business communications crisis

Business School: How companies should communicate in times of crisis

Professor Stefan Allesch-Taylor on why clear, realistic messaging has never been more important

In his latest Business School column, serial entrepreneur, CBE, Professor of the Practice of Entrepreneurship and Fellow at King’s College London, Stefan Allesch-Taylor, explains why, as the coronavirus crisis eases, clear, effective communications are crucial for businesses of all sizes.

As we enter the tenth week of the coronavirus lockdown, and all that entails for businesses, the majority of entrepreneurs should now be taking actions to get their business moving again as restrictions ease. And this means communicating with people at all levels of your business about what your next steps will be. Here are some simple rules all those in business should be considering now:

No spin

This is not the time to default to a strategy of ‘bigging’ your business up when opining on the speed at which you expect turnover and core fundamentals to recover. There will be serious questions about your competency if you overstate these. Everyone knows the difficulties you face – don’t be afraid to be realistic, even cautious. The next few months will be as much about how you communicate as what you communicate so make sure your message is clear and easily accessible.

stefan allesch taylor
Professor Stefan Allesch-Taylor

Logistically, I suggest a simple online portal with restricted access for different segments of your own business community. A password for managers, a password for staff, a password for stakeholders/creditors and a password for customers. Don’t make the mistake of cautiously communicating generic platitudes that can be read by all but say nothing of value to anyone.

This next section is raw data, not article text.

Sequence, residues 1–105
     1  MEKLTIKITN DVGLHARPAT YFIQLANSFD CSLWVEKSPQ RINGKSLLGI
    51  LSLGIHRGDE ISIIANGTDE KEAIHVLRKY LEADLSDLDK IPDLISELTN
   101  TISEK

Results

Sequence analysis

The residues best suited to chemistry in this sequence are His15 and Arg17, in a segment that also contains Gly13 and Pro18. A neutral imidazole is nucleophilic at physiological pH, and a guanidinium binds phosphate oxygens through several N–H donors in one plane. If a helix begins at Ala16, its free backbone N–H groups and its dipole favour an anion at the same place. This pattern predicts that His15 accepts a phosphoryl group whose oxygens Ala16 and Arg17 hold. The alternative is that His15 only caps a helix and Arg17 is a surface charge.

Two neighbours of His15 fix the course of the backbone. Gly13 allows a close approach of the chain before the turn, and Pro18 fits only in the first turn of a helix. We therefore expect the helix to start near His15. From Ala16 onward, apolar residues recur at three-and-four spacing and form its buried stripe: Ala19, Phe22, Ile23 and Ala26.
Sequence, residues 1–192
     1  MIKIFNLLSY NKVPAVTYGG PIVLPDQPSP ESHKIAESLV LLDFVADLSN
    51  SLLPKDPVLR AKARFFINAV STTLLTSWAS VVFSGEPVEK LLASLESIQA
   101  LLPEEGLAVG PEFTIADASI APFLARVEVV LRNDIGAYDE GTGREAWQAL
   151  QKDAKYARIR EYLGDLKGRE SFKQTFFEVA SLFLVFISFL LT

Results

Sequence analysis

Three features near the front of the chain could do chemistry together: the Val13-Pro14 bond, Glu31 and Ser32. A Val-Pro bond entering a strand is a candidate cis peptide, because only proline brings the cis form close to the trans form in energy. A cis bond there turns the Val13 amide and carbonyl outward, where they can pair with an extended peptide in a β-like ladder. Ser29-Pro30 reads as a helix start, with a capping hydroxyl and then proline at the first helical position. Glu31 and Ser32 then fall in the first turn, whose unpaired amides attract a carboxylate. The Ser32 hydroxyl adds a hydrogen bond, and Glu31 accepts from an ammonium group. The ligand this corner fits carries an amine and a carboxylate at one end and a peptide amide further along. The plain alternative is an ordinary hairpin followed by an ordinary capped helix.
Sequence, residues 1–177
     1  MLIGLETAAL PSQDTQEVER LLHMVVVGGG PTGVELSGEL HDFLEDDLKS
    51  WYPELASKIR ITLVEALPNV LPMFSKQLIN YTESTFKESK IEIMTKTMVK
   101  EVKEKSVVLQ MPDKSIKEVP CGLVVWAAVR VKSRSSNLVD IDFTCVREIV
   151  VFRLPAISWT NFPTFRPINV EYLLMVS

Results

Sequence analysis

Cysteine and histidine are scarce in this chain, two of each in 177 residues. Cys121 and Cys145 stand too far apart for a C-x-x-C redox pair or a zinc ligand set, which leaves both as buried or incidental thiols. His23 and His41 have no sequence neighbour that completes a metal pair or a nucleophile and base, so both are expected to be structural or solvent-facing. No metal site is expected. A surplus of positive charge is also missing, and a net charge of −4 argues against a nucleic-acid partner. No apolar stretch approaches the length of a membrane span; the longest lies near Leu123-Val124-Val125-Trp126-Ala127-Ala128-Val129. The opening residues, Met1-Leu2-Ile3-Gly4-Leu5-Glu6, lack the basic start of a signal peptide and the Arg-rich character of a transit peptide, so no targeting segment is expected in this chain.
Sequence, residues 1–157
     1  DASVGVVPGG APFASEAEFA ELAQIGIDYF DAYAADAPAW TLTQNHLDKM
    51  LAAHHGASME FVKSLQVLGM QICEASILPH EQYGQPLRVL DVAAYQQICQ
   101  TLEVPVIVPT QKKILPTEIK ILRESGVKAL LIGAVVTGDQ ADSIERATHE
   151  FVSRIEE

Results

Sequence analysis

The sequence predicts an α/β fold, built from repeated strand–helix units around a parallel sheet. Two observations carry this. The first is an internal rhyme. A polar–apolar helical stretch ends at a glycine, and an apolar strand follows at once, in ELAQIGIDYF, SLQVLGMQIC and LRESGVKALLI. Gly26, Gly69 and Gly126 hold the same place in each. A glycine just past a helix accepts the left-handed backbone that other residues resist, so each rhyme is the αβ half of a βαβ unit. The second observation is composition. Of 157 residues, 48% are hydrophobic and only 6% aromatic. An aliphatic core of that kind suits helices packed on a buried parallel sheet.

Remember that this portal represents your own personal values as an entrepreneur, as well as your company. Don’t repeat the horrendous mistake of a number of hitherto very respected business people who misjudged the mood of the nation with their quick fire, ill-conceived waffle. (I’ll spare their blushes – we all know who they are, which is exactly my point!) You have to populate your portal and any communications you make with credible, confident expertise and stick to the specifics of your business not the global economy as a whole – we all have Bloomberg etc. for that.

Stay on message

As entrepreneurs we are all prone to taking a small piece of knowledge and spreading it very thinly. We think quickly on our feet and tend to take the view in meetings (yes, that’s communications too in this context) that we’ll frame an answer to suit the question and by the time the recipient has ended their next meeting we’ll make our waffle a reality. Where’s the harm? In this environment, a misstep like this could be fatal to your reputation. If someone suggests something of value tell them you’ll look at it and get it done – don’t pretend you’ve already thought of it and it’s in place. Listening and acting is not a business or leadership weakness!

man with smartphone

Also, stick with what you know you know – not what you think you know. Most people have a view on the coronavirus pandemic, and everyone is suddenly speaking with the authority of an epidemiologist – which is ironic because many actual epidemiologists aren’t saying too much just yet.